– GETTING IT OFF THE GROUND –
My first serious discussion about a stage musical of the poems was with Cameron Mackintosh. Cameron had produced several shows in the West End and some successful touring productions for the Arts Council. But he had not produced any big hits. I was coming to the end of a 10-year management contract with Robert Stigwood and I sensed there were more than a few raised eyebrows in that camp when they learned that I wanted to develop the idea of the cat poems as a musical with Cameron.
“If you want to liken a theatre project to pushing a boulder up a hill, Cats redefined the boulder.”
It was Cameron who suggested Gillian Lynne as choreographer and our initial discussions with her led us to Trevor Nunn who, as the head of the Royal Shakespeare Company, had recently worked with Gillie on a hugely acclaimed production of The Comedy Of Errors.
This led to me meeting another of Trevor’s collaborators, the designer John Napier who had tackled animals before with the play Equus. After a lot of questioning and doubt about our sanity and trusting in John’s belief that he could turn human beings into cats, we took the plunge. Trevor and I began shaping the material. Cats the Musical was born.
If you want to liken a theatre project to pushing a boulder up a hill, Cats redefined the boulder. This is how it appeared to the outside world.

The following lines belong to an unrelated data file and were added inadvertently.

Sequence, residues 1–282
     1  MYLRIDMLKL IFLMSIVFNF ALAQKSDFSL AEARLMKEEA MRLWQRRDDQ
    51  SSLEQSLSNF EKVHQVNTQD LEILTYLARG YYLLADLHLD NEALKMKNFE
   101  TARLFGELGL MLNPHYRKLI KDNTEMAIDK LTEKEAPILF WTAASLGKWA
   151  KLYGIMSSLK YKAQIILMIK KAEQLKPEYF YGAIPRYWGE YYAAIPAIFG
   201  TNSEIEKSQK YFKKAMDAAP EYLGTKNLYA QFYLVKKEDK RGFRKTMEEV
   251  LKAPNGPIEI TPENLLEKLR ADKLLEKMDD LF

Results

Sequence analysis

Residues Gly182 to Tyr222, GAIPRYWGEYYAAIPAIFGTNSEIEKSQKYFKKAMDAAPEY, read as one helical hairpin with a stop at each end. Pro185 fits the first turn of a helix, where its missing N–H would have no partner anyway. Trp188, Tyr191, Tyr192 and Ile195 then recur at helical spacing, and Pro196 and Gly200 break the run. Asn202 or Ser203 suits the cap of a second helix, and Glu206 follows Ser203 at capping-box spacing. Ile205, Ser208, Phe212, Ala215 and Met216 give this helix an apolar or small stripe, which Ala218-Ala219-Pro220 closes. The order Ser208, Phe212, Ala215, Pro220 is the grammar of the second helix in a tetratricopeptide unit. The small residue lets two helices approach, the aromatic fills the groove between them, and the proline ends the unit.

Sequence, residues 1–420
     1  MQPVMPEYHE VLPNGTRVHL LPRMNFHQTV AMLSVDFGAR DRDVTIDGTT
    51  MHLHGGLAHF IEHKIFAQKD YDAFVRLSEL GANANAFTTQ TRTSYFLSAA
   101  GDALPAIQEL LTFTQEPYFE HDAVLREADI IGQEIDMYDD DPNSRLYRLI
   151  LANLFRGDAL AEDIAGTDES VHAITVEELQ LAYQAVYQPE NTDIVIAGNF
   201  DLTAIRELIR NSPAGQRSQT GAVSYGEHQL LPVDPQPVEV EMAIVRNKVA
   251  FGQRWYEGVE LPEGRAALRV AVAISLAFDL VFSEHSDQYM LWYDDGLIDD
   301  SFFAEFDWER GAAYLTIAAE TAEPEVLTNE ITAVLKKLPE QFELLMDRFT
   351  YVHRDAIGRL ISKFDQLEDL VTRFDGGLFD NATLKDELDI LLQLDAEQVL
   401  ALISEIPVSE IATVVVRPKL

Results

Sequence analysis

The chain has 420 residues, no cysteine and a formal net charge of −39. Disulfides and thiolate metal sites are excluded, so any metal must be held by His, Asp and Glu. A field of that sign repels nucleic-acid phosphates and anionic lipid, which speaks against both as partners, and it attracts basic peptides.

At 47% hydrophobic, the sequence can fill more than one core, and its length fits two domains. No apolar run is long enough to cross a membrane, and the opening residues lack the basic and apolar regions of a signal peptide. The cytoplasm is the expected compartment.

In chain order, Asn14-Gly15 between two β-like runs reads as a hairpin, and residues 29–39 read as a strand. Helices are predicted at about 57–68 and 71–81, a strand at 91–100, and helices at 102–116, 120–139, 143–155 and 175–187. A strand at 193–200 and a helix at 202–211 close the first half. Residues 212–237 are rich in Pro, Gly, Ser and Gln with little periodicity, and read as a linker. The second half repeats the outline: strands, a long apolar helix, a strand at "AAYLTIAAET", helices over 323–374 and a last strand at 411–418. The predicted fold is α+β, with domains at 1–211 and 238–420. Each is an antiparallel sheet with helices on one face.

Andrew Lloyd Webber without Tim Rice (my only other show without him Jeeves was a celebrated flop) was setting the words of a dead poet directed by the boss of the RSC who had never directed a musical. Worse there was to be a lot of dance at a time when it was axiomatic that only the Americans could do a dance show. There was no impresario like Stigwood. Cameron had never had a hit as a producer. The theatre we were to open in, the New London, was a graveyard where even Grease starring Richard Gere had been a flop. And to top it all, the West End Rialto sniggered, people were going to be dressed up as cats!
It was little wonder that I had to raise a second mortgage on my house. Investors were few and far between, until the first preview when mysteriously promised but unreceived money appeared from nowhere.
“Judy Dench, who Trevor had persuaded to play Grizabella, snapped her Achilles tendon during rehearsals.”
To further add to the certainty that the first preview would be a night of unparalleled bathos, Judy Dench, who Trevor had persuaded to play Grizabella, snapped her Achilles tendon during rehearsals. Although she tried valiantly to return during our technical rehearsals, she fell badly. Trevor would not allow her to continue.
It’s the stuff of legend now that Elaine Paige, who had played Evita so wonderfully, stepped into the role. Somehow, although we pushed back our opening night, we previewed on time.